Christmas in Placencia

Placencia at Sunset

Of all the cities I spent time in during my stay in Belize the city of Placencia was the least captivating. Despite being located on a long peninsula with a beautiful crescent white sand beach.  I’ll admit, that my experience was no doubt colored by what had proceeded it.  It’s hard not to be overshadowed by 3 days and 2 nights exploring pristine white sand beaches and crystal clear waters along the barrier reef.  In comparison Placencia’s mangrove groves, sand beach, small cement boardwalk, and smattering of small restaurant-bars and Chinese markets had a lot to compete with.

Boat docked in Placencia

We arrived in port around 3 or 4PM in the afternoon, said our temporary goodbyes and set off to find accommodation.  It was Christmas eve which made us all a little nervous, but eventually ended up being anything but a problem.  The town and peninsula is divided into two main thoroughfares.  The first is the main road which runs along the inside of the peninsula.  The second is a small 4 foot wide winding cement “boardwalk” that runs about a block back from the beach.  The two are connected by a series of small sand walking paths that cut across the block or so between them.

Hostel room in Placencia

Sweating in the humid afternoon sun, I quickly made my way down along the boardwalk inquiring at several hotels along the way.  There were two main budget hotels, one of which – Omar’s – had a decidedly ramshackle appearance. After a quick look inside I opted to continue looking, eventually finding a room for $40 BZD a night or about $20 USD.  To my surprise the private room I had paid for came with 2 single beds and a double.  A fan in the middle of the room and a bathroom with toilet and shower.  The shower, like most I’d encountered in Belize lacked hot water.  The shower head was a PVC pipe that hung about a foot out of the wall with a nozzle near the tip. The water was a bit bisque but refreshing and a welcome opportunity to wash the saltwater off.  I washed up, and struck out for food – ending up at a local restaurant on the main street.  The food was sub par, bland and expensive.  Unfortunate.

Feeling socialized out after the close quarters I’d been sharing for the last 3 days I headed back to my room, settled in with a book and enjoyed an easy night to myself.   Laughing from time to time as small explosions echoed through the walls of the flimsy two story structure my room was in.  Fireworks, you see, are a major part of Christmas in Placencia – not only are they a major part, but a major part in celebrations that stretch through the night.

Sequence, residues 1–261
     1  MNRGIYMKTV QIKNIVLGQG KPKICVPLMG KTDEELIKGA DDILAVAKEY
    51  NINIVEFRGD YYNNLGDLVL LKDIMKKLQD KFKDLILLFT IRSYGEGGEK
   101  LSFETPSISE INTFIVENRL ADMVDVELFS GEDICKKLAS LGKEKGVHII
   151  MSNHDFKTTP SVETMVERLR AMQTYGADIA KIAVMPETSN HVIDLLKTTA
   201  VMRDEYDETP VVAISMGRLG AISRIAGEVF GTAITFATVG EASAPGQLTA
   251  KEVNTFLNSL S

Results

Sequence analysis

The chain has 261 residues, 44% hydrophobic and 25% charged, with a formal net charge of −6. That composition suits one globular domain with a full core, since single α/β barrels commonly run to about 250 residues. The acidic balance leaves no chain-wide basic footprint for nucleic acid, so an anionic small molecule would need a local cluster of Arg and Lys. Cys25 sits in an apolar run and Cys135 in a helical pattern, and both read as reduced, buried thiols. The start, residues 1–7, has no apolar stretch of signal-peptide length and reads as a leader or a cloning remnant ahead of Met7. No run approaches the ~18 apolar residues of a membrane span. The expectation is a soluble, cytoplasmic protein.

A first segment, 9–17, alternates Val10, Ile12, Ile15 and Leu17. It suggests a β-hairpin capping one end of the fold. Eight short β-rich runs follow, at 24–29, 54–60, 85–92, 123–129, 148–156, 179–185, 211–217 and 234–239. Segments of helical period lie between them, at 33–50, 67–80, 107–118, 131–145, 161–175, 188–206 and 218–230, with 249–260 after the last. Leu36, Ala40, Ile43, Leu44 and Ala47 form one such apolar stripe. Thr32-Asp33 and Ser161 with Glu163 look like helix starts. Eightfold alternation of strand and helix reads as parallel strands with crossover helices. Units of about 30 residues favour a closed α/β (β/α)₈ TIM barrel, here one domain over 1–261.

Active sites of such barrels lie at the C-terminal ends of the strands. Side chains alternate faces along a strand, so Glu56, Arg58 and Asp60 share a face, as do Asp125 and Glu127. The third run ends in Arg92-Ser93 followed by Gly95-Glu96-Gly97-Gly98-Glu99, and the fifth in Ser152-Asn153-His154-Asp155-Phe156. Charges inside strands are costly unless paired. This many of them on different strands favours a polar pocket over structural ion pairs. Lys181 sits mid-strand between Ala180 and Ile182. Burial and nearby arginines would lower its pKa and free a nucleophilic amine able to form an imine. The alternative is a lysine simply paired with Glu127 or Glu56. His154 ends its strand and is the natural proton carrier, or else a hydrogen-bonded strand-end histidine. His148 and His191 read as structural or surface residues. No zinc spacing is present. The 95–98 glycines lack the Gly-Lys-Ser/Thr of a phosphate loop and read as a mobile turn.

Lunch in Placencia

Christmas Day I got a lazy start to the morning.  Found internet and let the world know I was ok, and then bumped into a bunch of other members from the Raggamuffin tour.  We explored the town, hung out, ate, and generally enjoyed a relaxing day.  From what I can tell the majority of Placencia was wiped out in a major hurricane in 2006 or so.  Since then a lot of internationals (predominantly Americans and Canadians) have immigrated and purchased property.  Rebuilding, opening restaurants and hotels and generally setting the city’s price structure at a level comparable to what you’d find in the US or Canada. The end result?  In my opinion a fairly beautiful, highly over rated, expensive tourist trap.

That said, I enjoyed myself – spending time with my friends from the Sailing trip, exploring the island and generally recharging.  It was a wonderful opportunity to refresh myself a bit before what ended up being a major push to the north. I ended up splitting off from the others with Steve to grab Christmas dinner at one of the local venues – an overflowing plate with ham, turkey, stuffing, mashed potatoes and more – a meal that easily made up for the disappointing food I’d run into the night before.

Christmas Abroad

It’s important to note that when I told people about the dates for my trip – the most common reaction was surprise. People found it hard to believe that I was willing to spend Christmas abroad, especially as a solo trip. I have to admit that when I was gearing up for my December 08′ trip to Spain the year previous, I’d harbored a lot of the same concerns.  Even as someone who’s not religious and who doesn’t celebrate Christmas, it is a very social time in the U.S. – one where a lot of time is spent with family, friends and a time of the year most of us would prefer not to be alone.

My decision to travel over Christmas two years in a row definitely confused a few friends. I’m VERY close with my parents and brother.  To the point where I typically have a daily 20-50 minute phone conversation with my Mother and Father when stateside.  I suppose that’s part of what makes these holiday trips more viable for me. I try and live life in a way where I don’t need an excuse to spend time with loved ones, but rather integrate it into my day to day routine.  To that end, Christmas just becomes another day with a little extra pomp and hype.